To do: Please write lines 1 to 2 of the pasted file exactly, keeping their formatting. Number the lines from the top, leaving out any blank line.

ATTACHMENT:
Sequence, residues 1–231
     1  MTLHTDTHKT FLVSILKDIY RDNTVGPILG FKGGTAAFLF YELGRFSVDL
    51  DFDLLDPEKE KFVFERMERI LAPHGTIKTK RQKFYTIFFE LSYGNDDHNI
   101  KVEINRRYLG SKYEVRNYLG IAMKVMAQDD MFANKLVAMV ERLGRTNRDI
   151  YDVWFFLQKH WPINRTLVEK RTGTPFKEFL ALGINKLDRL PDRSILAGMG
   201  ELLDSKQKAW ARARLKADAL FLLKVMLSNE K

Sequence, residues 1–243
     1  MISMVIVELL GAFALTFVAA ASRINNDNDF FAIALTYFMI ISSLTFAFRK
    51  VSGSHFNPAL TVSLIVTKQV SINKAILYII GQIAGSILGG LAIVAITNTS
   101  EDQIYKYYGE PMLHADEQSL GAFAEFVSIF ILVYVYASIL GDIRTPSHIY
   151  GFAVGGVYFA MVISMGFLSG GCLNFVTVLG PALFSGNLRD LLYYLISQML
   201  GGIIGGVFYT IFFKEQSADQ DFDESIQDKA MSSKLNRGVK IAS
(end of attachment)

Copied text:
Sequence, residues 1–231
     1  MTLHTDTHKT FLVSILKDIY RDNTVGPILG FKGGTAAFLF YELGRFSVDL